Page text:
Castilla-La Mancha wants 800 million euros from regional liquidity fund

Castilla-La Mancha on Thursday became the fifth Spanish region to seek a bailout from the central government’s rescue fund, which faces a huge depletion in its resources before it has even been set up.

Regional premier María Dolores de Cospedal, who is also the secretary general of the ruling Popular Party, said Castilla-la Mancha needs 800 million euros from the Regional Liquidity Fund (FLA) to meet debt maturities.

Madrid is currently finalizing the establishment of the FLA with funding of 18 billion. The petition from Castilla-La Mancha brings total requests from the country’s cash-strapped regions to around 15.6 billion euros. Earlier this week, Andalusia said it would need close to five billion euros from the FLA. Catalonia has requested just over five billion, Valencia 4.5 billion and Murcia 300 million.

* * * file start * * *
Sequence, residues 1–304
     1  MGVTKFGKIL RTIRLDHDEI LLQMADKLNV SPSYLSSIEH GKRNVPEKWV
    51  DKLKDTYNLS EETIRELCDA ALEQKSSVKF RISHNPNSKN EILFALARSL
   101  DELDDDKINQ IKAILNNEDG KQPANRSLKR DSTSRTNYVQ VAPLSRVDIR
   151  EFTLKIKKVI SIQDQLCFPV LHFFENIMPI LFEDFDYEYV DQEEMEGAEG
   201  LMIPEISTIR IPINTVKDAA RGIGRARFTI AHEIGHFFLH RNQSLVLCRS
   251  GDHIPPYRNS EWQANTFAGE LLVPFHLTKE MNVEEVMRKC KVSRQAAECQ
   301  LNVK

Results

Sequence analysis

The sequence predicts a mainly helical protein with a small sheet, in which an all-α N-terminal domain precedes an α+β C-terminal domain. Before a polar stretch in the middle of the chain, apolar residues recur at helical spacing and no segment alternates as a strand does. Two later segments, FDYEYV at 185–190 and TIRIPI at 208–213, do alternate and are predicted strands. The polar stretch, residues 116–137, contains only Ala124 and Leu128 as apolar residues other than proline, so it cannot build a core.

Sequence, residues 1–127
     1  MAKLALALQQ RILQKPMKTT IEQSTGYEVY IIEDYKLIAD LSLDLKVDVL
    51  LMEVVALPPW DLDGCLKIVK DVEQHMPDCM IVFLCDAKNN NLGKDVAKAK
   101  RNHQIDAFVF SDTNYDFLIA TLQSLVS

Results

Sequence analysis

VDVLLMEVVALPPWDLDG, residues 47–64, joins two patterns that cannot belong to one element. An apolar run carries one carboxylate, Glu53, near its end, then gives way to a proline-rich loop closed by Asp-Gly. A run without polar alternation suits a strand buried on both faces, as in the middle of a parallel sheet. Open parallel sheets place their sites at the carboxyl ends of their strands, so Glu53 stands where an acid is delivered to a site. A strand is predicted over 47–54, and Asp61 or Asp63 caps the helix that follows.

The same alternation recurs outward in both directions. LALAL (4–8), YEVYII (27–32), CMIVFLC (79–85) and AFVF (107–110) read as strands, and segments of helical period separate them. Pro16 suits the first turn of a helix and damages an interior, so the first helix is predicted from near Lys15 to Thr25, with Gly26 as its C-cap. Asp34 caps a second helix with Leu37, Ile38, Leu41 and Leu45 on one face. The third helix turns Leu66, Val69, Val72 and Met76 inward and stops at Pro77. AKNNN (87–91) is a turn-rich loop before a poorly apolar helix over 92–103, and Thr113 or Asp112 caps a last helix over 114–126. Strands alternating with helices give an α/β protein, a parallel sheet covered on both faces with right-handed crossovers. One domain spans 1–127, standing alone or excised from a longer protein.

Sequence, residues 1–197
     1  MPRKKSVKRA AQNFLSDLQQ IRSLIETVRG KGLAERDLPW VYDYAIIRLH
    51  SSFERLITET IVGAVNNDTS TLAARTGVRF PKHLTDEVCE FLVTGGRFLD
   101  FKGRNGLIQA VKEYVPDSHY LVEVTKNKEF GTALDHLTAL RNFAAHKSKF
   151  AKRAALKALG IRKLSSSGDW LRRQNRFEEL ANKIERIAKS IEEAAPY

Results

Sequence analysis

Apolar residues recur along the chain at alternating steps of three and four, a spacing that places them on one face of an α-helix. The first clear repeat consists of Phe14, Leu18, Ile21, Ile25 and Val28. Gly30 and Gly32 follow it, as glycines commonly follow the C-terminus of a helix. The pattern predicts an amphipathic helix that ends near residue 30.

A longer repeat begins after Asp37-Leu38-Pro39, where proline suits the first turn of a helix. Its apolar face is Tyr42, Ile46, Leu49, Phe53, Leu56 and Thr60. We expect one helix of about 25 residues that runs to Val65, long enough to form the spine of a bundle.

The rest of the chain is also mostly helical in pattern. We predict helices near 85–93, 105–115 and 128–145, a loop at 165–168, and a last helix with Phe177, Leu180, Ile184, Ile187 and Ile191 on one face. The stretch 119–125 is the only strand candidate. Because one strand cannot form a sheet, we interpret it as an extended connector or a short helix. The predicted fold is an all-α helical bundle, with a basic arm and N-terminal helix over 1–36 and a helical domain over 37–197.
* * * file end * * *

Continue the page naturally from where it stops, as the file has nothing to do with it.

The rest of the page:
Of Spain’s 17 regions, only Madrid, Galicia and La Rioja have categorically ruled out availing themselves of the liquidity pot. The FLA will be funded by the Treasury, the state lottery company and commercial banks.

Madrid has conditioned access to the LA to regions meeting their commitment to reducing their budget deficits to 1.5 percent of GDP this year.

Cospedal said the sum the region is requesting, which amounts to about 10 percent of its financial debt, is relatively modest given that it ran up a deficit of three billion euros last year.

“I am not embarrassed to say that we’re going to have to ask for help from the central government,” Cospedal said.

Finance Minister Cristóbal Montoro on Wednesday said the central administration would transfer funds to Catalonia “in the next few days” to help the region cover debts of 471 million euros that are due to mature shortly. “The state will see to these maturities to save Catalonia’s image,” Montoro said during a debate in the Senate.

The minister lamented what he described as the “incoherence” of Catalonia tapping the FLA the same day that the ruling CiU center-right nationalist group in the region called for early elections to seek a mandate for greater control over its own affairs.

At midday, Spain’s risk premium was down slightly at 460 basis points.

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